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Gulf of Maine Times

Vol. 4, No. 3


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Promoting a Regional Identity for the Gulf of Maine

By Tom Skinner
Director of the Massachusetts Office of
Coastal Zone Management

Photo courtesy of Tom SkinnerLet's face it - when you ask most people what the Gulf of Maine is, they think it's some pristine cove on Maine's rocky coast. Unless you are a meteorologist, a fisherman, or a staff member for an environmental nonprofit in northern New England or the Maritimes, you have probably never heard of the Gulf of Maine.

At the conference on Exploring Transboundary Arrangements for Management of the Gulf of Maine Ecosystem, which was held in St. John, New Brunswick, this past June, discussion frequently centered on how this lack of a regional identity really puts our Gulf at risk. Even though this patch of sea - bounded on the landward side from the tip of Cape Cod along the coast of New Hampshire and Maine, into the Bay of Fundy and down to Cape Sable - looks like a wing of the Atlantic Ocean on a map, it really acts more like a large lake.

Photo courtesy of Tom Skinner
Tom Skinner (above and above left)

Looking at a bathymetric map, showing the underwater contours of the region, you can see the true picture. Georges Bank and Brown Bank are two massive underwater mountain ranges, effectively cutting off the Gulf of Maine from the wider Atlantic, creating a sea within a sea. Consequently, the Gulf of Maine and its circular water patterns really act much like a large saltwater lake, similar in size to Lake Michigan, another transboundary water body.

What does Lake Michigan have that the Gulf of Maine doesn't have? Name recognition and a true sense of identity! What's in a name? Quite a lot when it comes to convincing people that what they do in their own backyards can influence such a vast region.

Until we can successfully elevate the regional identify of the Gulf of Maine in the consciousness of those that inhabit its shores and its watershed, we will always have difficulty convincing this populace to act as one to protect this tremendous resource. Over the past decade, the Gulf of Maine Council has worked to increase awareness of the Gulf of Maine, but over the next five years we must focus on forging a regional identity that links this great body of water and the people who live in its watershed.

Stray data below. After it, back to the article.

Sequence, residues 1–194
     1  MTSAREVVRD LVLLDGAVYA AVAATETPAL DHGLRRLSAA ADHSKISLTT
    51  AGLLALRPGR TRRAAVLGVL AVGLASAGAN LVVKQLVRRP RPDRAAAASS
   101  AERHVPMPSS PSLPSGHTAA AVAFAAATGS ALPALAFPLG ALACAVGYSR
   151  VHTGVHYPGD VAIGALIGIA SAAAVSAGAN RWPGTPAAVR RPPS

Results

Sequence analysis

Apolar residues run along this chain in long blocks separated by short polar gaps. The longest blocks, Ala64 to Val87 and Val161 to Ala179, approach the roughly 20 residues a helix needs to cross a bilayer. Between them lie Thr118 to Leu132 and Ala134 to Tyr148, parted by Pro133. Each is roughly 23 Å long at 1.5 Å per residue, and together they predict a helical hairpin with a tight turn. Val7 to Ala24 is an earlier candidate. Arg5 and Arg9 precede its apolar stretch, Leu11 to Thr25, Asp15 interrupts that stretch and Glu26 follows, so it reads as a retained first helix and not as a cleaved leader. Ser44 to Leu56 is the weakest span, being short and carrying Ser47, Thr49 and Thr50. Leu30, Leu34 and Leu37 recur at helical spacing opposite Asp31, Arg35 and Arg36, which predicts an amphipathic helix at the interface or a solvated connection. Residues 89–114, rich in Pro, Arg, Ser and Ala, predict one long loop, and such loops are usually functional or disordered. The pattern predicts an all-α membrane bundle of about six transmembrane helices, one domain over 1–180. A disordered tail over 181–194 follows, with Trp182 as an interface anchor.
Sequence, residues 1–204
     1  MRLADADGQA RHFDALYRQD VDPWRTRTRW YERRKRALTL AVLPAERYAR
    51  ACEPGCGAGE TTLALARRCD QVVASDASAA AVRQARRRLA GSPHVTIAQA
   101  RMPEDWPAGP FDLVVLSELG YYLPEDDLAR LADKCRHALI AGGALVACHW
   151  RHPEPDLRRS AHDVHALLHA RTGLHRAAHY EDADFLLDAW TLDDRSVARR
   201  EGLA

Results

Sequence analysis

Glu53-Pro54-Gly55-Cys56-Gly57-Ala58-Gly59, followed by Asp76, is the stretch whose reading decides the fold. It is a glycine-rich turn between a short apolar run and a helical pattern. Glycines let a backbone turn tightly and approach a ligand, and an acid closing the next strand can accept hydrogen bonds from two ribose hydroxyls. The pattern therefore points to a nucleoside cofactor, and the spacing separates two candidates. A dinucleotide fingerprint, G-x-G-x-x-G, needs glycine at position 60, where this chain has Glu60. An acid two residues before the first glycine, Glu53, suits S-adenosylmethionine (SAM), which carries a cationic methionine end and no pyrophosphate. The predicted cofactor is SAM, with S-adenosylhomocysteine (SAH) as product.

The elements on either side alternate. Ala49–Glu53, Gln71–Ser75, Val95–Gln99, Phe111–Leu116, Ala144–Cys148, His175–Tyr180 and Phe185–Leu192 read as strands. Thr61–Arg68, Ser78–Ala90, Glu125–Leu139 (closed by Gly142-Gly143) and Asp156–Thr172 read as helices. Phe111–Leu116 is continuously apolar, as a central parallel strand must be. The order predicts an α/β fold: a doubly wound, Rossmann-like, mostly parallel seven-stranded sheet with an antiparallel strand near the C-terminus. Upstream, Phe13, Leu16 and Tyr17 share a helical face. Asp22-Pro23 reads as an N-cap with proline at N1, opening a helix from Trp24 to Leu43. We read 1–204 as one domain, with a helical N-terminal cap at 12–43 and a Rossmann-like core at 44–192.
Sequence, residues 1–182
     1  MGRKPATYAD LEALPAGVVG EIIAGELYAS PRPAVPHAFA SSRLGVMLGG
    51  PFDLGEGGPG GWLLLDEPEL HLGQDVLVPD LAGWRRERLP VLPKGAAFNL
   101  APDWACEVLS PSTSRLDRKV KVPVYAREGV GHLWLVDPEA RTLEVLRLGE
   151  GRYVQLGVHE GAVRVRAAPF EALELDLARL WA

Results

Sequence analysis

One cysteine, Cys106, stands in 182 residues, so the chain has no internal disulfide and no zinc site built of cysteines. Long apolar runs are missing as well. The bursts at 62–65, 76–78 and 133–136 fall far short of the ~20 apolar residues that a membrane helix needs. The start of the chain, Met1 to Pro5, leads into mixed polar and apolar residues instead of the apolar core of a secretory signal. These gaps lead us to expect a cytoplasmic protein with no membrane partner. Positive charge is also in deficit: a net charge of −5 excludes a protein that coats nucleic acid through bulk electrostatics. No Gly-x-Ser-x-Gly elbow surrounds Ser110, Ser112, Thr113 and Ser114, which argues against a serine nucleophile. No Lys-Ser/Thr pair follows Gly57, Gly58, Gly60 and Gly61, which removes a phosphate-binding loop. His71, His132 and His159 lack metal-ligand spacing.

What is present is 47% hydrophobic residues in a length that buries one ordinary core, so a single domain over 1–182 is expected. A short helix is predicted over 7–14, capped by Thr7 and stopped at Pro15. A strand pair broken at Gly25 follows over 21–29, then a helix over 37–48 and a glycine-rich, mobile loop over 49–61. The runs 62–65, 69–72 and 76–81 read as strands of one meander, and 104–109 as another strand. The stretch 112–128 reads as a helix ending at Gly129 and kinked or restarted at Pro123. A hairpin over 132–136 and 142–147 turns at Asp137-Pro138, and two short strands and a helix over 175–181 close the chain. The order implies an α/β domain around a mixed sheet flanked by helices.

Editor's Notes

The Gulf of Maine, "is a great part of the world," Bill Ballantine, the marine biologist wrote to me recently. And I couldn't agree with him more. I live along one of its distinct watersheds, around the corner from the Bay of Fundy in the palm of a long glacial valley severed by the Annapolis River. Buffeted by two small mountain ranges, the land on either side of the river widens into a broad swath of salt marsh and cultivated earth. I came here after spending most of my adult life as a journalist and editor in New England writing about the urban landscape. Despite moving much farther north into another country, the imprint of New England runs so deep here in Nova Scotia that I sometimes feel as if I have simply moved down the road. 

For centuries the Maritime Provinces and New England have shared both a human and natural history and much of it has centered on the Gulf of Maine. Its vast beauty and productivity have shaped so much of the way we think, our pattern of life, customs and beliefs. Because of this "international commons" we remain intrinsically tied. 

Today the Gulf of Maine is a region with a multiplicity of issues and few easy answers. When the Gulf of Maine Times first rolled off the press almost four years ago, its goal was to educate the public about marine environmental issues in the Gulf of Maine and highlight the region's many stewards. Suzy Fried, my predecessor, set out and accomplished just that. Without any model to follow, Suzy built the paper from the ground up and set a high journalistic standard. I am indebted to the generous support she has given me over these past couple of months.

As this issue and others have tried to illustrate, many layers of individuals, agencies and organizations are making progress in finding solutions. Whether it entails cleaning debris from one of the world's most historic harbors, removing a relic dam in a remote streambed, or protecting marine life in the Bay of Fundy, the goal remains the same: to safeguard and conserve our marine resources for generations to come. 

Over the next couple of issues the Times will introduce new contributors, which will enable us to expand our coverage on issues, research and technologies affecting the marine environment. Essays on natural history and individuals and groups creating change will aim to broaden our knowledge of the Gulf and help us get to know better this diverse and remarkable community. I value your comments and suggestions. Please feel free to write me at: